In September of 2019, members of the New Jersey National Guard engaged in a fierce firefight with al Shabab militants at Baledogle Airfield, in southern Somalia when they were hit with a succession of car bombs followed up by a ground assault.
The attack, which resulted in some twenty dead enemy combatants, received scant media coverage and a brief press release from AFRICOM at the time. The 150 soldiers on the ground that day were quietly awarded Combat Infantry Badges (CIB) and Combat Action Badges (CAB) for what may be the largest firefight between Somalian militants and American soldiers since Operation Gothic Serpent in 1993.
Connecting Vets spoke to three soldiers directly involved in the incident.
C Troop, 1st Squadron of the 102nd Cavalry Regiment, based out of Hackettstown, New Jersey, has a fairly unique mission among National Guard units, specializing as dismounted reconnaissance troops. At the time of the attack, the unit was on a 9-month deployment to southern Somalia, stationed at Baledogle military airfield (known as BMA). Also at the base were members of a Special Operations Task Force that worked with Danab, their host nation commando force. Another element co-located at BMA was private security contractors from Bancroft, who are reputed to coordinate with drone pilots on the base, recruit Somalian commandos, and provide logistical support to the U.S. military forces stationed there.
The New Jersey National Guard soldiers said they felt there was always an imminent threat due to the base being so isolated and constant enemy activity. The soldiers worked long days, rotating from security details guarding the base's perimeter and going out on defensive reconnaissance patrols nearby. While the Special Operations soldiers were more or less confined to the base, the National Guard troops would conduct key leader engagements in the surrounding areas, help the locals with civil projects in conjunction with a NGO called Spirit of America, and patrol around BMA in order to familiarize themselves with the terrain, one New Jersey National Guard soldier described. While the Special Operations soldiers and Bancroft contractors had their mission, the conventional force was primarily there for security and enabling the Somalian federal government to assert themselves in more meaningful ways with the local populace.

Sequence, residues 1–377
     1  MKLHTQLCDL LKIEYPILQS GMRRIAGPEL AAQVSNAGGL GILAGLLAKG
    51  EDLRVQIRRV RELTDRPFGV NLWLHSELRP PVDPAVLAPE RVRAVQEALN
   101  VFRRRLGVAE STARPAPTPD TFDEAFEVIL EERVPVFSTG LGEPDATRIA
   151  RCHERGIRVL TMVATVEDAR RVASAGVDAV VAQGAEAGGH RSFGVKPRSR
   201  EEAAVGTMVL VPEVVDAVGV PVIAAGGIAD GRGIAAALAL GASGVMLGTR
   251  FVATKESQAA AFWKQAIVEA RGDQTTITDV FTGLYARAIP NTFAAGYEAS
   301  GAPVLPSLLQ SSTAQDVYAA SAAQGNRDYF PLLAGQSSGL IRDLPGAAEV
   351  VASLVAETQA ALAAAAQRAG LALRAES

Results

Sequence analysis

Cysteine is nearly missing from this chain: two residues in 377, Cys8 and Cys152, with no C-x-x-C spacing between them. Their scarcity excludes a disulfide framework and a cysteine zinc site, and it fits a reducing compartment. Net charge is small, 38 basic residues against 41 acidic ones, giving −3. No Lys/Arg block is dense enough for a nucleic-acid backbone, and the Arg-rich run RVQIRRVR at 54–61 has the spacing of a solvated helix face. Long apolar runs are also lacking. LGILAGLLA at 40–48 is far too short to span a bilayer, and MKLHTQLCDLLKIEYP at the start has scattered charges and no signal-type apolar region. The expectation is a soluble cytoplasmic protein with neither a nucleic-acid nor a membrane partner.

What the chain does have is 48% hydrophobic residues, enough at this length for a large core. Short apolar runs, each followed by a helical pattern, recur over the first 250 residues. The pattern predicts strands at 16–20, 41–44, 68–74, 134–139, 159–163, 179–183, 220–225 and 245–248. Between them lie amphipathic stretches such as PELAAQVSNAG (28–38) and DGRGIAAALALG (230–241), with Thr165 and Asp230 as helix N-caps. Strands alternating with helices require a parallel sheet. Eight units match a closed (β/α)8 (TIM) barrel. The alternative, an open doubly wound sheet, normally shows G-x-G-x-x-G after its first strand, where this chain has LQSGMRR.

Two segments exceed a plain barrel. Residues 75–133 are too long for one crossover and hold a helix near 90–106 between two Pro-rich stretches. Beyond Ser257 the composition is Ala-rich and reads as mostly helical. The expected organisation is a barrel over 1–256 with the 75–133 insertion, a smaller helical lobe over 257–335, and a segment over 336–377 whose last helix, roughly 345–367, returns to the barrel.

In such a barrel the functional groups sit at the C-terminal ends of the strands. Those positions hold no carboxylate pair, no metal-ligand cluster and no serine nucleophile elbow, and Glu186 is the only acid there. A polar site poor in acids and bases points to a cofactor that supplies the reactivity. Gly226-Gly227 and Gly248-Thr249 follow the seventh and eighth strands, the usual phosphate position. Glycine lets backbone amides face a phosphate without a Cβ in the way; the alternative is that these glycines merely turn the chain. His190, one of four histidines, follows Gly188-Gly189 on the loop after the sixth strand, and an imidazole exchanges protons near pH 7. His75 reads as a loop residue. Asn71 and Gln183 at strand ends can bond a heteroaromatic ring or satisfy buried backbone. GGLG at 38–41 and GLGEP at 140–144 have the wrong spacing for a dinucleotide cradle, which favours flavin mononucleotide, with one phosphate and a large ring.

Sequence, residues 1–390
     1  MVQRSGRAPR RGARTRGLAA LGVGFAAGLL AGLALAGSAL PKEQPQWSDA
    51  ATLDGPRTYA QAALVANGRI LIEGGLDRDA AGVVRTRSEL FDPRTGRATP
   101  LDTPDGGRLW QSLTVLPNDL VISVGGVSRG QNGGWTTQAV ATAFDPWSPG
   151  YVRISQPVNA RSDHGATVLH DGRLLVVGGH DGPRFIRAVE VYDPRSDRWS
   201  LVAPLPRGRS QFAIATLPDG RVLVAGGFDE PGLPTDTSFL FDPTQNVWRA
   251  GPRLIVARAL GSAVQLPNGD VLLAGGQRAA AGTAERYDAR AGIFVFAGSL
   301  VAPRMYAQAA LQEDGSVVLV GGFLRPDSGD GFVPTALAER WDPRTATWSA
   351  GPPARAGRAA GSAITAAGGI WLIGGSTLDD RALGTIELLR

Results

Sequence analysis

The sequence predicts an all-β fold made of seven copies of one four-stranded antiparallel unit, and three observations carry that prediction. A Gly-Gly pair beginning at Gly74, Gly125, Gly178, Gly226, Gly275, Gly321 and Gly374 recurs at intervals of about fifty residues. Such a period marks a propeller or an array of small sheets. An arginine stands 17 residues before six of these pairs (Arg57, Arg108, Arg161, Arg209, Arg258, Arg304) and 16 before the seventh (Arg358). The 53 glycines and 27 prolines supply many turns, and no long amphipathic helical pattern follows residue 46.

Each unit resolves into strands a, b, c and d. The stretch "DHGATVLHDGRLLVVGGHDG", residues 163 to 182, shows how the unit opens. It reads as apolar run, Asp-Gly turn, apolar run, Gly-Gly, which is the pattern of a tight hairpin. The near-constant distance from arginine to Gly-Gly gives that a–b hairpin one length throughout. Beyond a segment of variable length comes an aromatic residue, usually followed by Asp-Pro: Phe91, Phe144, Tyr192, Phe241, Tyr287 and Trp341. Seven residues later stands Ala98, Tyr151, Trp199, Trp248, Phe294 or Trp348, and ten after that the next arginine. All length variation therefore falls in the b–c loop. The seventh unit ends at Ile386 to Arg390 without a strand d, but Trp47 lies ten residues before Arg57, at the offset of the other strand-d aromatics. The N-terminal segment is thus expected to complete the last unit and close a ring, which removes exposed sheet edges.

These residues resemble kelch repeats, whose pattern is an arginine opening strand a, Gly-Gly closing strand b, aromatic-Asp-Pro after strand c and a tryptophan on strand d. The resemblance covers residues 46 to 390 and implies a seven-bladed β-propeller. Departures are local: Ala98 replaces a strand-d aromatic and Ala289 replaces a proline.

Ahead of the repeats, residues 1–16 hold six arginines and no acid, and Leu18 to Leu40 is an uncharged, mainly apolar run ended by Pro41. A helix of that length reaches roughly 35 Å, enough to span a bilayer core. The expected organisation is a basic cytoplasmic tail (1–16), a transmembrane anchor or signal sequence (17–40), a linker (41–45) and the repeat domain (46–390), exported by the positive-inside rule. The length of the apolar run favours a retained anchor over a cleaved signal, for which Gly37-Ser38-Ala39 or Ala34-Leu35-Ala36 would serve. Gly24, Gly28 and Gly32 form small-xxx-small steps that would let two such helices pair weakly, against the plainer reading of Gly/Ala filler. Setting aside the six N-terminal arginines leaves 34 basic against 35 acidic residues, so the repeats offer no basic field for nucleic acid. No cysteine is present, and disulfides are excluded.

A clan-based society, Somalia has long resisted any form of central government and has churned through various attempts to create transitional governments for several decades.
The attack finally came on September 30th, 2019 at 9:45 AM.
Two soldiers present for the attack detailed how it unfolded. An al Shabab militant charged the back end of the base driving a truck filled with explosives. As he drove towards the back gate, his vehicle fell into a tank trap pit that had been dug as a defensive measure. Snipers and machine gunners opened fire on the vehicle. It is unknown if their shots detonated the explosives in the back, if the driver detonated it with a kill switch, or if another militant did with a remote detonator but the resulting explosion was massive. It left a huge crater in the ground, sending dust and debris into the air. Miraculously, none of the American soldiers were injured but this was just the first wave.
A second suicide vehicular-borne improvised explosive device (SVBIED) came screaming towards the gate and detonated. A third came close behind but failed to explode. After three waves of car bombs, a truck dropped off over a dozen more militants to initiate the ground assault. Machine gunners in the towers laid down a base of fire while snipers also engaged the enemy. The National Guard soldiers say they had a laugh as they received Twitter alerts on their phones in the middle of the firefight from al Shabab accounts, informing them they were under attack. Al Shabab also had a press release prepared and sent it out as soon as the attack got underway, two National Guard troops told Connecting Vets.
Part of the unit's defense planning includ